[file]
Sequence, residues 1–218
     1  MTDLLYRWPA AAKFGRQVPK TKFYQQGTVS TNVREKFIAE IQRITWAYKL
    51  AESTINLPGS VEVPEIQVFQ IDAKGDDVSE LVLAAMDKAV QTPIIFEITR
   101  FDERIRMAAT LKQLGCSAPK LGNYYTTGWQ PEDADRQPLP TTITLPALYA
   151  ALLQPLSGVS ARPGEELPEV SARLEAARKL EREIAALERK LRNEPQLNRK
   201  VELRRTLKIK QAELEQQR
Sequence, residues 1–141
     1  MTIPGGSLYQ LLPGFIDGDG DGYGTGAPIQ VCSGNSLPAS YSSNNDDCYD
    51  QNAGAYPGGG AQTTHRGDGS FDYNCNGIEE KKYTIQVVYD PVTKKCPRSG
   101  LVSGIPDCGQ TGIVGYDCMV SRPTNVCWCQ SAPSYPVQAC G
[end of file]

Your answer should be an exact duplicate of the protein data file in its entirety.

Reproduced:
Sequence, residues 1–218
     1  MTDLLYRWPA AAKFGRQVPK TKFYQQGTVS TNVREKFIAE IQRITWAYKL
    51  AESTINLPGS VEVPEIQVFQ IDAKGDDVSE LVLAAMDKAV QTPIIFEITR
   101  FDERIRMAAT LKQLGCSAPK LGNYYTTGWQ PEDADRQPLP TTITLPALYA
   151  ALLQPLSGVS ARPGEELPEV SARLEAARKL EREIAALERK LRNEPQLNRK
   201  VELRRTLKIK QAELEQQR
Sequence, residues 1–141
     1  MTIPGGSLYQ LLPGFIDGDG DGYGTGAPIQ VCSGNSLPAS YSSNNDDCYD
    51  QNAGAYPGGG AQTTHRGDGS FDYNCNGIEE KKYTIQVVYD PVTKKCPRSG
   101  LVSGIPDCGQ TGIVGYDCMV SRPTNVCWCQ SAPSYPVQAC G